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At the lowest levels most OS file operations include open, close, read, write, delete and seek and append operation, yet there is no prepend operation.

The question came up because a colleague of mine was working with a large (multi-gigabyte) data log he had generated and he realized he had not written the a file header to the log file. Even though he only needed to add a hundred bytes to the front of the file, we couldn't see any way to do that without getting into the block / sector file allocation table level stuff.

Is there any history or technical reason that a prepend operation does not exist, or would be more expensive then the similar append operation?

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Hilbert described a file system like this. –  bmargulies Aug 16 '11 at 15:38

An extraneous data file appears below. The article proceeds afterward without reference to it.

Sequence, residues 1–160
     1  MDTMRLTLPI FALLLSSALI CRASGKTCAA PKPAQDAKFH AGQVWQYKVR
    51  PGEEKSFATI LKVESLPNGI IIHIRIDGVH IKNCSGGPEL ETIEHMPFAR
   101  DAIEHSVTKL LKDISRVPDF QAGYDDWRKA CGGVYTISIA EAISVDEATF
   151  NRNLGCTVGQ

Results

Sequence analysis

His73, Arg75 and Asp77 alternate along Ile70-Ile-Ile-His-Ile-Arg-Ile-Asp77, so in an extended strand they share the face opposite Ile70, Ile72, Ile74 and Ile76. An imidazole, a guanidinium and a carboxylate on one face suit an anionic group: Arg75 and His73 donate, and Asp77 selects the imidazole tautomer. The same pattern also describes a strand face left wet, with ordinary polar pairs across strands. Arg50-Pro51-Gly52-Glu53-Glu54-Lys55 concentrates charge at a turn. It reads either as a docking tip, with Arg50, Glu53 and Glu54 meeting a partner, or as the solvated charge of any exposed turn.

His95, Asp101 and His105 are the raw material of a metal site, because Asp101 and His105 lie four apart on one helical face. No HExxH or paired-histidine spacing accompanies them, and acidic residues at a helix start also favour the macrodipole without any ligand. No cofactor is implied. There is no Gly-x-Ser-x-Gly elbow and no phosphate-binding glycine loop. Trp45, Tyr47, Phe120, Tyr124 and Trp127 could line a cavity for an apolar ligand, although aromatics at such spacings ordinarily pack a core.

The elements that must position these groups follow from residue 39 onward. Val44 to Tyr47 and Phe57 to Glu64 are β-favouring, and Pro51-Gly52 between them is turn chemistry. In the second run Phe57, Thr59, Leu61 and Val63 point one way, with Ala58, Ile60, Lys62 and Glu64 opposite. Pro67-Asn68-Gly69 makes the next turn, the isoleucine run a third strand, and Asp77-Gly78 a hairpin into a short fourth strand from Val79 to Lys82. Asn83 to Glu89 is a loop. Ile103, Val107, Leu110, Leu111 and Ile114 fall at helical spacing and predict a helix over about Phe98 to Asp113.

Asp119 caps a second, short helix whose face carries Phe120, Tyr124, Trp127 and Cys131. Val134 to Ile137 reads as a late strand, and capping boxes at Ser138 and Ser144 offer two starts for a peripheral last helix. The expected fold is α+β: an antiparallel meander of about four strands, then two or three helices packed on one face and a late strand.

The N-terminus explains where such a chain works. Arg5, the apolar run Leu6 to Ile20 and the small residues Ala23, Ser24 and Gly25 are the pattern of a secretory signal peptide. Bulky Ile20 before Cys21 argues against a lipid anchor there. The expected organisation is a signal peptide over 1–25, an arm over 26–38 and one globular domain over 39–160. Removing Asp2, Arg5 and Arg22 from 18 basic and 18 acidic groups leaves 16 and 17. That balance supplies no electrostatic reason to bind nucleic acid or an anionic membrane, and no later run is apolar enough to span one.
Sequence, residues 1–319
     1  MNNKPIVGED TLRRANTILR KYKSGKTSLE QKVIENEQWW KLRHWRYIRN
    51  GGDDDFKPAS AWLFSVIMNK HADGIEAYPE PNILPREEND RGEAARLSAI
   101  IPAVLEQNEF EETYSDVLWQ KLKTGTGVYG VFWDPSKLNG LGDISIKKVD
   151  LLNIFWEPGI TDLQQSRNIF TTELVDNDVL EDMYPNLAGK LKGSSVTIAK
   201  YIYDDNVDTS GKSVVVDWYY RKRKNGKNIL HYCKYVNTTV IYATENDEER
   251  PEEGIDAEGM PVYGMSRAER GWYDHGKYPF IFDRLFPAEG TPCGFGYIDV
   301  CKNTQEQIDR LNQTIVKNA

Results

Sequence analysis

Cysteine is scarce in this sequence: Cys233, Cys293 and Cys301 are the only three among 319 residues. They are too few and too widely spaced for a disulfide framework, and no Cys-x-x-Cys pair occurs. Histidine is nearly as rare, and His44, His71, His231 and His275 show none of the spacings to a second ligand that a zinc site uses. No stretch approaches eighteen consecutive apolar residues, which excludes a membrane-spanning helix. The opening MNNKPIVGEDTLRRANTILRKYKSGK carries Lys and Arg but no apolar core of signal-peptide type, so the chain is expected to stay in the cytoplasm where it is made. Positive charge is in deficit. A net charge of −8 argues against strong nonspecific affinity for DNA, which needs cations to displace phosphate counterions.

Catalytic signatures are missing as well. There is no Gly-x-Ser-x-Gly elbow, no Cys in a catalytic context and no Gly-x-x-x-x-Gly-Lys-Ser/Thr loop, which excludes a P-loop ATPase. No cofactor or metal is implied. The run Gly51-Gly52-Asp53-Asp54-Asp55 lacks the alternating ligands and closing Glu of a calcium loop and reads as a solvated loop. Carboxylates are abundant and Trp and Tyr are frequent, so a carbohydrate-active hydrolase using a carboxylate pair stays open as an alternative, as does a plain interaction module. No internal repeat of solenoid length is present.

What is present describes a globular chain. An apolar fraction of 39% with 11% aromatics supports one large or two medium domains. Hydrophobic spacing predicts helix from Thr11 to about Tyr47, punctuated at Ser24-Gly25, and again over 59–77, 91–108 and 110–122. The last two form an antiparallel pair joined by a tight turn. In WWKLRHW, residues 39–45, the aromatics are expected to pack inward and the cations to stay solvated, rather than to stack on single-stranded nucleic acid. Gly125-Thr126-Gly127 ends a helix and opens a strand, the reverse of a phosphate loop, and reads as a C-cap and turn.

See similar question here: stackoverflow.com/questions/4573604/… –  Eugene Mayevski 'EldoS Corp Aug 16 '11 at 16:05
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I am only aware of a single research paper describing something like this: "Supporting Insertions and Deletions in Striped Parallel Filesystems" from 1992. The abstract is

The dramatic improvements in the processing rates of parallel computers are turning many compute-bound jobs into IO-bound jobs. Parallel file systems have been proposed to better match IO throughput to processing power. Many parallel file systems stripe files across numerous disks; each disk has its own controller. A striped file can be appended (or prepended) to and maintain its structure. However, a block can't be inserted into or deleted from the middle of the file, since doing so would destroy the regular striping structure of the file. In this paper, we present a distributed file structure that maintains files in indexed striped extents on a message passing multiprocessor. This approach allows highly parallel random and sequential reads, and also allows insertion and deletion into the middle of the file.

You can find more information in the paper.

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